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A Retrospective Review of Paclitaxel-Associated Gastrointestinal Necrosis in Patients with Epithelial Ovarian Cancer

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A Retrospective Review of Paclitaxel-Associated Gastrointestinal Necrosis in Patients with Epithelial Ovarian Cancer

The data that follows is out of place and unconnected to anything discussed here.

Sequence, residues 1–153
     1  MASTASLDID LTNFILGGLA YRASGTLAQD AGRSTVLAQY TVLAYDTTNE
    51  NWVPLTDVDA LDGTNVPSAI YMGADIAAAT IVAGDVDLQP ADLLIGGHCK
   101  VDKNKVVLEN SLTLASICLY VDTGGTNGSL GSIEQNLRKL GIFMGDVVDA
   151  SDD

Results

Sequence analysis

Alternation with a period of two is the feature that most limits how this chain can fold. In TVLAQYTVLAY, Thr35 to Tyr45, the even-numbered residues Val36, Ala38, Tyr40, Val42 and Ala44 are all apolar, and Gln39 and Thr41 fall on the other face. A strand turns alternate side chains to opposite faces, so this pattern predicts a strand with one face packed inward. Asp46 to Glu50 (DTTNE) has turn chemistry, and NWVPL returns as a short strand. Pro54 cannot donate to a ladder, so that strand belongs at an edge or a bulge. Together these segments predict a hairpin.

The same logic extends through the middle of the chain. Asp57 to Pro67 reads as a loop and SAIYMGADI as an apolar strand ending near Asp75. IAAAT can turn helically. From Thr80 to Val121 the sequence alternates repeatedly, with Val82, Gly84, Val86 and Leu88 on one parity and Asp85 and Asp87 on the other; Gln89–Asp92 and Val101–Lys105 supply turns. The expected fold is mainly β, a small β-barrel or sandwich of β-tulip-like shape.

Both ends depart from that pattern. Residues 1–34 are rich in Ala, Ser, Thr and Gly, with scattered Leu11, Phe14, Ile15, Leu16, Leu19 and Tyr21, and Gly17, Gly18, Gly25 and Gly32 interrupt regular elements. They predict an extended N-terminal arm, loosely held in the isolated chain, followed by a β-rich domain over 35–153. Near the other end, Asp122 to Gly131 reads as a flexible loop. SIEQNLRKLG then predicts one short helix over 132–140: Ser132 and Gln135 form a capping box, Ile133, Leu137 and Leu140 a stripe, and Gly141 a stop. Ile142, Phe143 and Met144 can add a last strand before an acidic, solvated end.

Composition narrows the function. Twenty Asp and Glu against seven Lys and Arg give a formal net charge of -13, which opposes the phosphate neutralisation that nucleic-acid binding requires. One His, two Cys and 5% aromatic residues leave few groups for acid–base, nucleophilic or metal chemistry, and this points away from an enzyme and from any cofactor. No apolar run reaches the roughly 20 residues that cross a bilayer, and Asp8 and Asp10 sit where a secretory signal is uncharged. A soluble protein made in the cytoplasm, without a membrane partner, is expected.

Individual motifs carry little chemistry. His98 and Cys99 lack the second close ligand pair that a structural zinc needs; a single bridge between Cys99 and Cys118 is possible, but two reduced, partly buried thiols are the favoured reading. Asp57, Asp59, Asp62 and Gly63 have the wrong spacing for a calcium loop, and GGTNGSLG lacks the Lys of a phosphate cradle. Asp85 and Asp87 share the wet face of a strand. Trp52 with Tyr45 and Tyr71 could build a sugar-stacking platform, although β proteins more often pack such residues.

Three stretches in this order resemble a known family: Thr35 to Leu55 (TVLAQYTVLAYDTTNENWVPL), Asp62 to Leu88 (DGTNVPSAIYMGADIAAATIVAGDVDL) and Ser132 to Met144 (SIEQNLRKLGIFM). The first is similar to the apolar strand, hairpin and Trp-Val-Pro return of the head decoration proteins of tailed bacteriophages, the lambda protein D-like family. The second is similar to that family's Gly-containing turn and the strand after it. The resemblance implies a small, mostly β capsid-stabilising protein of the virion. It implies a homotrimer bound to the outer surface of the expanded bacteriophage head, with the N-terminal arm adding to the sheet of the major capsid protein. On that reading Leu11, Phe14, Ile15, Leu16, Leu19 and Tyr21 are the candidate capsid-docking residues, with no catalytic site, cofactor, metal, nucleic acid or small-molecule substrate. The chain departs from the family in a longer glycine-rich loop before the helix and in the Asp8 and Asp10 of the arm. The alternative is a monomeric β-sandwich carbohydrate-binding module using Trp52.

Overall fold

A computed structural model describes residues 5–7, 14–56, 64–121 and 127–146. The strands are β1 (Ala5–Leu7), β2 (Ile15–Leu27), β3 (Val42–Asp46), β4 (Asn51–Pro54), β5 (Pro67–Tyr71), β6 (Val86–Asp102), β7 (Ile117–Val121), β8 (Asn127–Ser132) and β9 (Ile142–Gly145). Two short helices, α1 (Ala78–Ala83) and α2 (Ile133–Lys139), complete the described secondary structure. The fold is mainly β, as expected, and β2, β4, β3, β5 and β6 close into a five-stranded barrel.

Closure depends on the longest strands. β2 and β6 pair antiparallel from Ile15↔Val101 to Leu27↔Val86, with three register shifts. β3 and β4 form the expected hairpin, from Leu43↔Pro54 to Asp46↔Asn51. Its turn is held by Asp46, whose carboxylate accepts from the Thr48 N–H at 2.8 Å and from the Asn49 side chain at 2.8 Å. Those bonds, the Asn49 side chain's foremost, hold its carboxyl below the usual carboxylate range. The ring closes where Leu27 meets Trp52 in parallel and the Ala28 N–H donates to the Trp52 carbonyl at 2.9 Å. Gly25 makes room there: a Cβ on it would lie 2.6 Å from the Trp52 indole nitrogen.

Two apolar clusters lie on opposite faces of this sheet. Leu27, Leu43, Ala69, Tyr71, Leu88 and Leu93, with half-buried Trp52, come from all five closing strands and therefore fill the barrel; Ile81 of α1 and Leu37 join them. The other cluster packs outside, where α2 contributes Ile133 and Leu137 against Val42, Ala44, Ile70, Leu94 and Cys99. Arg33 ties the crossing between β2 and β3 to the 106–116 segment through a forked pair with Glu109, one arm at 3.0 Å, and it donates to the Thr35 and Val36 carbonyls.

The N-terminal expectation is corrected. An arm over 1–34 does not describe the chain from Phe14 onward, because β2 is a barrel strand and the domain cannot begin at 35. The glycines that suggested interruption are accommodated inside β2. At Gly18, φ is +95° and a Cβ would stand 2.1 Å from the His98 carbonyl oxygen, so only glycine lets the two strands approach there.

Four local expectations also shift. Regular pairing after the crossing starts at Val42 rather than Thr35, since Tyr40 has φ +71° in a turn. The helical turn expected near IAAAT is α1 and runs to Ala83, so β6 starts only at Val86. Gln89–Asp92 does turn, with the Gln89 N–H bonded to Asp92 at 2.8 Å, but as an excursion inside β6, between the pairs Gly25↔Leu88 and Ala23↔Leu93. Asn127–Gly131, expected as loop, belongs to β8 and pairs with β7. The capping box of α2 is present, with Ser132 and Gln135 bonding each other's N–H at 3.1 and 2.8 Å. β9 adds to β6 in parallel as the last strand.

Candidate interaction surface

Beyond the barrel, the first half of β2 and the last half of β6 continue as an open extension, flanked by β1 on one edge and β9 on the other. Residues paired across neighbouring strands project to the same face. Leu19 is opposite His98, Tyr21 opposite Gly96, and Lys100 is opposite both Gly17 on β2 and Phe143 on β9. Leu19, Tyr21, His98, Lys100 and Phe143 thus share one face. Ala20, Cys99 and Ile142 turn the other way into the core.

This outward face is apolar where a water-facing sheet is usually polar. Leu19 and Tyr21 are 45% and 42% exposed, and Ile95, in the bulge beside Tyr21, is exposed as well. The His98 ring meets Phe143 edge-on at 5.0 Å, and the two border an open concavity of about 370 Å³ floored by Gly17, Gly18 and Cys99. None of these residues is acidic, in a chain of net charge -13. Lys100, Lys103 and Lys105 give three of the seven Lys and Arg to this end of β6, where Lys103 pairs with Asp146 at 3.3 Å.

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  GYNECOLOGIC ONCOLOGY  67,  137–140 (1997) ARTICLE NO.  GO974842 A Retrospective Review of Paclitaxel-Associated GastrointestinalNecrosis in Patients with Epithelial Ovarian Cancer Victoria L. Seewaldt,* Joanna M. Cain,† Barbara A. Goff,‡ Hisham Tamimi,‡ Benjamin Greer,‡ and David Figge‡ *  Division of Medical and Gynecologic Oncology, Box 358080, University of Washington, Seattle, Washington 98195;  †  Department of Obstetricsand Gynecology, Pennsylvania State University, Milton S. Hershey Medical Center, Hershey, Pennsylvania 17033;and   ‡  Division of Gynecologic Oncology, University of Washington, Seattle, Washington 98195 Received April 11, 1997 ated with paclitaxel administration [4–6]. We now review Seven patients with gastrointestinal necrosis following paclitaxel  the occurrence of paclitaxel-associated bowel perforation at chemotherapy are reported. Four of seven patients had platinum the University of Washington. From 1991 to 1995 seven refractory disease, while 3/7 patients received primary paclitaxel cases of gastrointestinal necrosis have been observed in pa- therapy. Complications occurred 5 to 16 days following paclitaxel tients treated with paclitaxel for epithelial ovarian cancer at therapy. The most common clinical presentation was fever (7/  the University of Washington. Four of seven cases have 7 patients), neutropenia (6/7 patients), and abdominal pain (6/7 occurred in women receiving paclitaxel for platinum refrac- patients). All seven patients developed gastrointestinal necrosis tory disease. Three patients received primary paclitaxel ther- following the first cycle of paclitaxel chemotherapy. The exact apy. We postulate that gastrointestinal necrosis following mechanism by which this complication occurs is poorly under- paclitaxel administration is a direct drug effect. This compli- stood. We postulate that gastrointestinal necrosis may be the result cation may represent a synergistic effect of paclitaxel on of a direct drug effect on the gastrointestinal epithelium and mightinvolve a synergistic interaction between compromised bowel and  an already compromised gastrointestinal tract because all paclitaxel-induced mitotic arrest. We observe that the incidence  complications have occurred following the first cycle of  of gastrointestinal necrosis in patients with platinum refractory paclitaxel. We were, however, not able to identify a specific disease is 4 of 108 patients (3.7%). The incidence of this complica- risk factor which predicted gastrointestinal necrosis. tion in patients receiving primary paclitaxel at our institution is3 of approximately 128 patients (2.3%). Eighteen cases to date MATERIALS AND METHODS have been identified in the literature. A high index of suspicion of this complication should be considered forpatients presenting with We reviewed the medical records of the four cases of  neutropenic feverand abdominal pain following paclitaxel chemo- gastrointestinal necrosis from our initial cohort of 108 pa- therapy.   1997 Academic Press tients receiving paclitaxel under National Cancer InstituteTreatment Referral Center Protocol 9103 [3] and subsequent INTRODUCTION  records of approximately 128 women receiving paclitaxel atthe University of Washington from 1991 to 1995. Threeadditional cases were identified. Records were reviewed ret-Epithelial ovarian cancer remains the leading cause of rospectively for pertinent medical history including a historygynecologic cancer deaths in the United States [1]. Over theof abdominal pain, bowel perforation, fistulae formation,past decade, survival has been improved through aggressivetyphilitis, ischemic colitis, and neutropenic sepsis.surgical resection and combination chemotherapy [2]. Thissurvival is not without additional morbidity, as many womenundergo multiple abdominal operations, extensive courses  RESULTS ofchemotherapy,and,insomeinstances,intraperitonealche-motherapy or whole abdominal irradiation. The cumulative Patient characteristics and complications observed in theseven patients who developed gastrointestinal necrosis aftereffect of these treatment modalities, as well as the naturalhistory of ovarian cancer, puts patients at high risk for bowel receiving paclitaxel are summarized in Tables 1 and 2, re-spectively. Patient presentations are summarized in Table 3.complications.In 1993, we first reported that bowel perforation might be Seven of seven patients presented with fever, 6/7 patientspresented with neutropenia, and 6/7 patients presented witha direct toxicity of paclitaxel [3]. Since that time there havebeen several other reports of gastrointestinal necrosis associ- abdominal pain. The mortality following this complication 137 0090-8258/97 $25.00Copyright    1997 by Academic PressAll rights of reproduction in any form reserved.  138  SEEWALDT ET AL. TABLE 1  cycle of paclitaxel (Tables 2 and 4). Four of seven patient Patient Characteristics  had received multiple prior courses of chemotherapy andthree of seven patients received primary paclitaxel chemo- Courses of Prior therapy (Tables 1 and 4). We hypothesize that these compli- chemotherapy number Prior cations might be the direct effect of paclitaxel on the gastro- Patient prior to abdominal abdominal Intraperitoneal intestinal mucosa. number Age paclitaxel surgery radiation chemotherapy Gastrointestinal complicationsoccur frequentlyinpatients 1 53 3 1 Yes No with epithelial ovarian cancer but the incidence of bowel 2 40 3 2 No No perforation and fistula formation appears to be significantly 3 63 3 2 No Yes lower. The true incidence of fistula formation in patients 4 54 3 2 No No with epithelial ovarian cancer is difficult to estimate because 5 43 0 1 No No6 58 0 2 No No it is poorly described in the literature. Ruben  et al.  [12] 7 70 0 1 No No reported the frequency of bowel complications in all patientswith gynecologic malignancy from 1983 to 1985 at Memo-rial Sloan-Kettering Cancer Center. Of 1614 patients under-was 43% (3/7). Potential risk factors for the developmentgoing exploratory laparotomy for ovarian cancer, 51 patientsof gastrointestinal necrosis are summarized in Table 4. Allrequired further surgery for gastrointestinal complications.patients developed complications following the first cycleOf these 51 procedures, 44 (86%) were performed for bowelof paclitaxel chemotherapy. Four of seven received priorobstruction and 7 (14%) for fistula formation. One of thesechemotherapy but 3/7 patient received primary paclitaxel.7 patients had received abdominal radiation. It was not notedWe observe that the incidence of the development of gastro-whether the fistulas were thought to have occurred as theintestinal necrosis in patients who received paclitaxel forresult of postoperative complications or as a direct conse-platinum refractory epithelial ovarian cancer was 4 of 108quence of progressive disease. These data were reported aspatients (3.7%). The incidence of this complication in pa-a percentage of all surgeries performed and not in relation-tients receiving primary paclitaxel chemotherapy is 3 of ap-ship to a defined population of patients with epithelial ovar-proximately 128 patients (2.3%) at our institution.ian cancer. Therefore, it is not possible to estimate a trueincidenceoffistulaformationinpatientswithadvancedovar- DISCUSSION ian cancer from these data.The gastrointestinal complications we observe do not ap-Paclitaxel is a unique antineoplastic agent with a novelpear to be solely the result of disease progression. If thismechanism of action. Paclitaxel binds preferentially towere the case, ovarian cancer should be present at the sitepolymerized tubulin and thus blocks cell division at M-of gastrointestinal perforation and fistula formation. Whilephase [6]. Unlike cisplatin, the gastrointestinal side effectsthere was a correlation between the anatomic location of of paclitaxel are mild, and grade III to IV toxicity is infre-disease and the site at which complications occurred forquent [7–11].Patients 2, 3, 4, and 6; this was not the case for Patient 1.We observed seven cases of gastrointestinal necrosis inPatient 1 had disease present in the pleural cavity and adja-patients treated with paclitaxel from 1991 to 1995. Patientscent chest wall but had no disease present at the site of boweltypically presented with fever (7/7), neutropenia (6/7), andperforation. The absence of peritoneal disease in Patient 1abdominal pain (6/7) (Table 3). Three of seven patients died(Table 2). All complications occurred following the first was confirmed by surgical exploration and by microscopic TABLE 2Summary of Complications Patient Cycle of Day of Day of Tumornumber paclitaxel complication nadir Complication Surgery Outcome response1 1 16 7 Perforation Yes Improved SD2 1 14 6 Perforation No Improved PD3 1 13 7 Fistula No Death PD4 1 5 6 Fistula No Improved PD5 1 7 7 Perforation Yes Improved SD6 1 9 9 Perforation No Death ?7 1 8 7 Perforation? Yes Death ?  Note.  PD denotes progressive disease; SD denotes stable disease.  139 GASTROINTESTINAL NECROSIS AND PACLITAXEL TABLE 3  sis by demonstrating the formation of abnormal spindle Patient Presentation  asters during mitosis [14, 15]. Three of the gastrointestinalcomplications we describe were detected at a time period Patient Abdominal later than what is described by Hruban  et al.  [13]. This, number Fever Neutropenia pain however, does not exclude the possibility that mitotic arrestis an initiating event in the development of gastrointestinal 1  / 0 / 2  / / /  epithelial necrosis, as it may play an important role in a 3  / / 0 multistep process. A second possibility is that the complica- 4  / / / tion might not have been immediately recognized and there 5  / / / was a delay in diagnosis. 6  / / / It is interesting that the gastrointestinal perforation and 7  / / / fistula formation we describe were observed only after thefirst cycle of paclitaxel and did not occur with subsequentcycles. If gastrointestinal necrosis were solely the result of examination of the resected perforation site. We were notpaclitaxel, complications should occur at equal frequencyable to identify whether Patients 5 and 7 had disease presentwith each cycle. If it were a cumulative effect, complicationsat the site of perforation.should be seen at increasing frequency with each additionalGastrointestinal perforation and fistula formation were notcycle of therapy. The fact that gastrointestinal necrosis wasthe result of rapid tumor lysis. Patients 2, 3, and 4 hadseen only as a first cycle toxicity in patients with epithelialdisease progression and Patients 1 and 5 had stable diseaseovarian cancer suggests that paclitaxel might unmask a pre-(Table 2). It is difficult to determine whether Patients 6 andexistingcondition. Heavilypretreatedpatientswithepithelial7 had any significant clinical response to paclitaxel becauseovarian cancer are likely to have compromised bowel mu-they died before an exact clinical response could be deter-cosa due to the cumulative effects of multiple surgeries,mined; however, significant residual disease was observedprogressive disease, whole abdominal radiation therapy, andduring the autopsy of Patient 6. In no case was there aintraperitoneal chemotherapy. While paclitaxel affects thedramatic decrease in any disease parameter (measurableentire gastrointestinal tract, necrosis may occur at areas of disease by physical exam, computerized tomography, orpreexisting subclinical bowel injury.CA-125).It is difficult to define a specific risk factor which predictsThe seven gastrointestinal complications we report werethe development of gastrointestinal necrosis. Patients 1, 2,detected between 5 and 16 days following paclitaxel admin-3, and 4 were typical of heavily pretreated patients whoistration. Hruban  et al.  [13] describe three cases of paclitaxelreceived paclitaxel under National Cancer Institute Treat-gastrointestinal epithelial necrosis in patients with acute leu-ment Referral Center Protocol 9103 [11] but they did notkemia, which they postulated was the result of transienthave an exceptionally high number of surgical proceduresmitotic arrest occurring 1 to 11 days following treatment.or courses of chemotherapy relative to other patients placedMitotic arrest was not observed in autopsy specimens ob-on this protocol. Patient 3 had a prior history of intraperito-tained fromtwo additional patients 17 and 27 days followingneal chemotherapy and Patient 1 received cobalt radiationpaclitaxel treatment. The mechanism for this metaphase ar-therapy in 1963. It is unclear what role these treatmentsrest is not completely understood but it is postulated to resultplayed in the subsequent development of gastrointestinalfromaninabilityof cellstoformacompetent spindleappara-perforationandfistulaformation. Multiplecoursesofchemo-tus or to disassociate a drug bound spindle. Electron micros-copy and immunofluorescence studies support this hypothe- therapy did not appear to be a risk factor as Patients 5, 6, TABLE 4Potential Risk Factors for the Development of Gastrointestinal Necrosis Prior Necrosis atPatient Prior abdominal the site of Disease Other medicalnumber chemotherapy radiation tumor progression risk factors1  / / 0 0 0 2  / 0 / / 0 3  / 0 / / 0 4  / 0 / / 0 5  0 0  ?  0 0 6  0 0 /  ?  0 7  0 0  ? ?  /  140  SEEWALDT ET AL. and 7 received primary paclitaxel. The risk factors for these perforation (Patient 7). It is difficult to identify specific risk factors, however, and one patient (Patient 5) did not havethree patients are unclear. Patient 5 did not appear to haveany identifiable risk factors. Patient 6 developed abdominal any identifiable risk factors for gastrointestinal necrosis. Ahigh index of suspicion for bowel perforation should bepain and fever prior to the diagnosis of epithelial ovariancancer, suggesting that she might have had an antecedent maintained for any patient presenting with abdominal painfollowing paclitaxel.bowel injury prior to receiving paclitaxel; however, this wasnot documented at the time of diagnostic surgical explora- REFERENCES tion. Patient 7 had a history of polyarteritis nodosa andchronic steroid use which would put her at risk for bowel 1. Wingo PA, Tong T, Bolden S: Cancer statistics, 1995. CA Cancer J perforation. The remaining six of seven patients were other- Clin 45:8–20, 1995 wise healthy and did not have medical conditions which 2. 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